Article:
EL TARRA, 28 August 2013 (IRIN) - The Colombian government believes people should just say no to growing coca: those that do not, risk aerial spraying of their illicit crop with powerful pesticides, or manual destruction by work teams hired by private firms and supported by the security forces.
Marijuana has long been accused of being a gateway to deadlier vices. But could cannabis be a swinging door that might also lead people away from hard drugs? That’s what this capital city is trying to find out. In coming weeks, Bogotá is embarking on a controversial public health project where it will begin supplying marijuana to 300 addicts of bazuco — a cheap cocaine derivative that generates crack-like highs and is as addictive as heroin.
US prosecutors and other senior officials who spearheaded the war against drug cartels have quit their jobs to defend Colombian cocaine traffickers, saying their clients are not bad people and that United States drug policy is wrong. The US system punishes traffickers not according to their importance but the quantity of drugs, meaning a truck driver nabbed with a big consignment could face a longer stretch than a capo caught with a lesser amount.
Colombia's Justice Minister, Ruth Stella Correa, has said a new drugs bill would decriminalise personal use of synthetic drugs, such as ecstasy. The proposal would replace current laws, which ban cocaine and marijuana, although people are not prosecuted for possessing small amounts. Colombia's legislation is being re-assessed in an attempt to tackle drug use, trafficking and related issues.
Colombia, Mexico and Guatemala delivered a landmark declaration to the United Nations Secretary General calling on the organization to lead a debate on alternative approaches to the current war on drugs, though it is likely to fall on deaf ears. The statement, issued to Secretary General Ban Ki-moon on October 1, contains 11 points outlining the three countries’ views on the current state of organized crime and counternarcotics policy in the Americas (see declaration in English here, and in Spanish here).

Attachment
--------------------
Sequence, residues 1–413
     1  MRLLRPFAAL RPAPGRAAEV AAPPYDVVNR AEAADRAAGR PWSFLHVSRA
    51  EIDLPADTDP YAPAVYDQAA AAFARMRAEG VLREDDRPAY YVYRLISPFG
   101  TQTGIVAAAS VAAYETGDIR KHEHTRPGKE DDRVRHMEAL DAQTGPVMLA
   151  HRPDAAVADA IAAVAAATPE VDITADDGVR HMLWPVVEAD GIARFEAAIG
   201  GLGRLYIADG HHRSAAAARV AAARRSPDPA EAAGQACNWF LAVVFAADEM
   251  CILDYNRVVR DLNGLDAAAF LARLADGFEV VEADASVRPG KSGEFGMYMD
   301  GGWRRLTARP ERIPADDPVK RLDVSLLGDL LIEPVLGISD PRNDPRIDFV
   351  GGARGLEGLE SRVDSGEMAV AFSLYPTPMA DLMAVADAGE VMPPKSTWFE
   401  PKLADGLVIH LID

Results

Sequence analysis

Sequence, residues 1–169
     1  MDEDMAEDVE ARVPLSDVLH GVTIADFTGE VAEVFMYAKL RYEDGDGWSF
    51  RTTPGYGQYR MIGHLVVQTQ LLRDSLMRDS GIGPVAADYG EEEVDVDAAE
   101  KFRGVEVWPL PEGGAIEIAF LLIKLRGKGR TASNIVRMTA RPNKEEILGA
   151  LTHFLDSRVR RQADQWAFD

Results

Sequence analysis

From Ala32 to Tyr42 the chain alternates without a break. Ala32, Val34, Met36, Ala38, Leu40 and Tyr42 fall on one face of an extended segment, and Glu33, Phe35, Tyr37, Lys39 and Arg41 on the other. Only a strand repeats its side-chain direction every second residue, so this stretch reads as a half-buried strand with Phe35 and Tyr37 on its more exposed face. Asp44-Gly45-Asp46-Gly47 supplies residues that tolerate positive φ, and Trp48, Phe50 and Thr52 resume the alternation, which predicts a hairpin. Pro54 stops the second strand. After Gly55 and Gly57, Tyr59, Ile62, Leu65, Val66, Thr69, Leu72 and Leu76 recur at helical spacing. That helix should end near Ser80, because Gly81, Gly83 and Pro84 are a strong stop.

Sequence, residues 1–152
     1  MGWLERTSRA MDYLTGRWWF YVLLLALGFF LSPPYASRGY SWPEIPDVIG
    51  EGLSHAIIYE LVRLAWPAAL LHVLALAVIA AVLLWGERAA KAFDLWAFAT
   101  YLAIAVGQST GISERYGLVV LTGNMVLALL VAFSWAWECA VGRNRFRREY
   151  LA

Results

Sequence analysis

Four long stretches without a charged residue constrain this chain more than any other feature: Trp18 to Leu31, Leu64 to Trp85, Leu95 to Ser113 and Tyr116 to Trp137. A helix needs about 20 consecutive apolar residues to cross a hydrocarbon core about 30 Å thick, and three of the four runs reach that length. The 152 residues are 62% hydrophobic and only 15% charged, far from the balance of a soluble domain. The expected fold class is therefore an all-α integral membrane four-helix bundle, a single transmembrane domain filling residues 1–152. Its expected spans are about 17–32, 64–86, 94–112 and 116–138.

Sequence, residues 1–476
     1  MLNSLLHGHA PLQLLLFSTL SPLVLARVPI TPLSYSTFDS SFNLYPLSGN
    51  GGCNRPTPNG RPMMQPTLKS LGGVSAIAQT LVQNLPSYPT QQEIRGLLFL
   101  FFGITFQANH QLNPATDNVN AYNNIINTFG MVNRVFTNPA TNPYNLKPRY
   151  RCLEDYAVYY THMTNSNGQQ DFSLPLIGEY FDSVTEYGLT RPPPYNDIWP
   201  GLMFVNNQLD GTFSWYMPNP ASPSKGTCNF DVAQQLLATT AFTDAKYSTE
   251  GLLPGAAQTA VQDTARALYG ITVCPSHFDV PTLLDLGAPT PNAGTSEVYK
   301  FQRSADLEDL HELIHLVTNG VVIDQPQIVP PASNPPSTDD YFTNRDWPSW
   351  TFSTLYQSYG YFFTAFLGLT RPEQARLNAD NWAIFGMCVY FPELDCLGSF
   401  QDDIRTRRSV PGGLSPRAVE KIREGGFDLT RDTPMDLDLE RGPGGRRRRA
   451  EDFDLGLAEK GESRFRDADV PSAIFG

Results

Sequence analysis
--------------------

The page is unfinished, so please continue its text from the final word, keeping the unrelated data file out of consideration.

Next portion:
Colombia's chief public prosecutor has called for a referendum on whether to legalise drug consumption, in response to plans to set up a network of public centres where users can consume illicit drugs under supervision. The so-called “controlled consumption centres” are part of a drive by Gustavo Petro, the mayor of the capital, Bogotá, to reduce drug-related crime in the city.
Colombia's Constitutional Court approved the government's proposal to decriminalize the possession of small amounts of cocaine and marijuana for personal use. Anyone caught with less than 20 grams of marijuana or one gram of cocaine for personal use may receive physical or psychological treatment depending on their state of consumption, but may not be prosecuted or detained, the court ruled.
While cocaine production ravages countries in Central America, consumers in the US and Europe are helping developed economies grow rich from the profits, a study claims. The vast profits made from drug production and trafficking are overwhelmingly reaped in rich "consuming" countries – principally across Europe and in the US – rather than war-torn "producing" nations such as Colombia and Mexico. And its authors claim that financial regulators in the west are reluctant to go after western banks in pursuit of the massive amount of drug money being laundered through their systems.
The government of Colombia pushed for the most far-reaching change to policy on drugs since US president Richard Nixon declared war on narcotics four decades ago. Hosting the sixth Summit of the Americas, for which 33 leaders of the hemisphere's 35 nations – including President Barack Obama – have assembled in Cartagena, President Juan Manuel Santos proposed the establishment of a taskforce of experts, economists and academics to analyse the realities of global drug addiction, trafficking and profiteering, with a view to a complete overhaul of strategy.